Media, News

Experts ask for legal reform to improve media freedom

by | Dec 17, 2012

Zviad Koridze (right) and Lasha Tughushi (left), here seen earlier in 2012, were among the media experts who proposed a bill with legislative changes to improve media freedom. (DFWatch photo.)

TBILISI, DFWatch — A handful of media experts are calling for legislative reforms to address problems with media freedom in Georgia, and have prepared a draft bill as a first step.

The bill would amend the law on broadcasting, and was presented by its authors Lasha Tughushi, Zviad Koridze and Tamar Kordzaia at a meeting organized by UNDP in Tbilisi.

According to the draft, amendments are needed in two directions. The first is a guarantee of financial transparency, the other is to provide so-called must-carry and must-offer principles by law.

Media experts, TV, NGO and international community representatives attended the meeting to discuss freedom of media in Georgia. Freedom of the media is important for the development of the country, participants at the meeting agreed. Things have been done in this regards, but still there are problems and the next steps have to be prepared.

After a long struggle by the non-governmental sector and the international community, the previous government agreed to establish the principles of must-carry and must-offer two months before the parliamentary election, but on the condition that the regulation would only be in force until Election Day. Afterwards, it would be dependent on what broadcasting companies and network operators would decide.


However, TV stations controlled by the government and cable operators refused to sign contracts, which made it impossible for people in the regions to watch channels which aren’t controlled by the government. Most of the population in the regions do not have satellite dishes and their main source of information is television.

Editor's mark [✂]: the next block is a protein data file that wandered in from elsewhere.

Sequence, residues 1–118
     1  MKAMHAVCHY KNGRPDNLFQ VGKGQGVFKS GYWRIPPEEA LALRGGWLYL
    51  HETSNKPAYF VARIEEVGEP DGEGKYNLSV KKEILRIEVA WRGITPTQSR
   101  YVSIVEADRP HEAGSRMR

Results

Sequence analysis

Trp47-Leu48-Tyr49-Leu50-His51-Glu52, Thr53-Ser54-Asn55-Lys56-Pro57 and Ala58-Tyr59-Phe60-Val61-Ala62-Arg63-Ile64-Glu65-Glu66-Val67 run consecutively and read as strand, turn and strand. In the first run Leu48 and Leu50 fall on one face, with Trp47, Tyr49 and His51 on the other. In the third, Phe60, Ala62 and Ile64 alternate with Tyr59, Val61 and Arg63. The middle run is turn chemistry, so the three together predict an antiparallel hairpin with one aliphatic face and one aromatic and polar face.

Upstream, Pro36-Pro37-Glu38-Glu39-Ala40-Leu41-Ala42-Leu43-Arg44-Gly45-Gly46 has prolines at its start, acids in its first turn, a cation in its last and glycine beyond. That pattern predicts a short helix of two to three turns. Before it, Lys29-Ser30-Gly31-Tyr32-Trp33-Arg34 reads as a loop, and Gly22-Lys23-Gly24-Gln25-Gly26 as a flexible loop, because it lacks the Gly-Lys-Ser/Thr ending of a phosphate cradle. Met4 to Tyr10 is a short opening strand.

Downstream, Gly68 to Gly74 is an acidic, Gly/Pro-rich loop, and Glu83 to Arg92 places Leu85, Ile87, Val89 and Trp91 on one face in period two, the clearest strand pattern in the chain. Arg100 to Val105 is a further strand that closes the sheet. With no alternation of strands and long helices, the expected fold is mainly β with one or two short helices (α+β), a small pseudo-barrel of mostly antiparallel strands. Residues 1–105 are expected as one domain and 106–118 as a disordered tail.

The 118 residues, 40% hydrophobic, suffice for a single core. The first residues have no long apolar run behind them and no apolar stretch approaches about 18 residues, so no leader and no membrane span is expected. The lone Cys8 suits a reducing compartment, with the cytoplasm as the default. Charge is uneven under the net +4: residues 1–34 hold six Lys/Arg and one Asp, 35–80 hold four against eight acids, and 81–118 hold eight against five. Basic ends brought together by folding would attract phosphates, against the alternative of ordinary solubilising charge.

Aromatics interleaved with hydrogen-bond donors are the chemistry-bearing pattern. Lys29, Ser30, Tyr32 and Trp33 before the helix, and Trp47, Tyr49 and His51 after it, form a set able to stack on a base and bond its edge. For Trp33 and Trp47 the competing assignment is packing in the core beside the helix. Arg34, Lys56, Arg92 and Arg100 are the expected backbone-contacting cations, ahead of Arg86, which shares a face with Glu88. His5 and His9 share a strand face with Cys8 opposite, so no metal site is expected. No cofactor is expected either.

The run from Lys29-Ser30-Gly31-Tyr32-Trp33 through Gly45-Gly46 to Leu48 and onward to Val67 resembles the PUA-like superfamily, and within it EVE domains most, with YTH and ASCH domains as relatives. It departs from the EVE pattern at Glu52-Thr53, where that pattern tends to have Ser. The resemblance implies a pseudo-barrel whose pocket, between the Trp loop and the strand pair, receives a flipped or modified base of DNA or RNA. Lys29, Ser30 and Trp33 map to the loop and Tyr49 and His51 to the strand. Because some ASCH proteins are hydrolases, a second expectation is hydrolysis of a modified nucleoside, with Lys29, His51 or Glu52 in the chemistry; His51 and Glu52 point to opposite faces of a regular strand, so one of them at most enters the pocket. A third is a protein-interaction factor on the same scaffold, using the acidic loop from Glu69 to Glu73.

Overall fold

This is the reason the media experts think there is a need to regulate this by law. According to their draft bill, the transmission of a broadcast signal will be free, but if it wants to, a broadcaster and a cable operator company may agree on payment for transmitting the signal. But if there is to be a charge for transmitting, the price must be equal for all companies.

The other area covered by the bill is financial transparency. The national TV channels should conduct an annual audit in accordance with international standards. The National Communications Commission should define a company, which will conduct an audit and the conclusion will be published in full by the GNCC and by the national channels.

Owners and those who want to have a broadcast license must publish a declaration of property so people can know how much money the owners of a TV company have.



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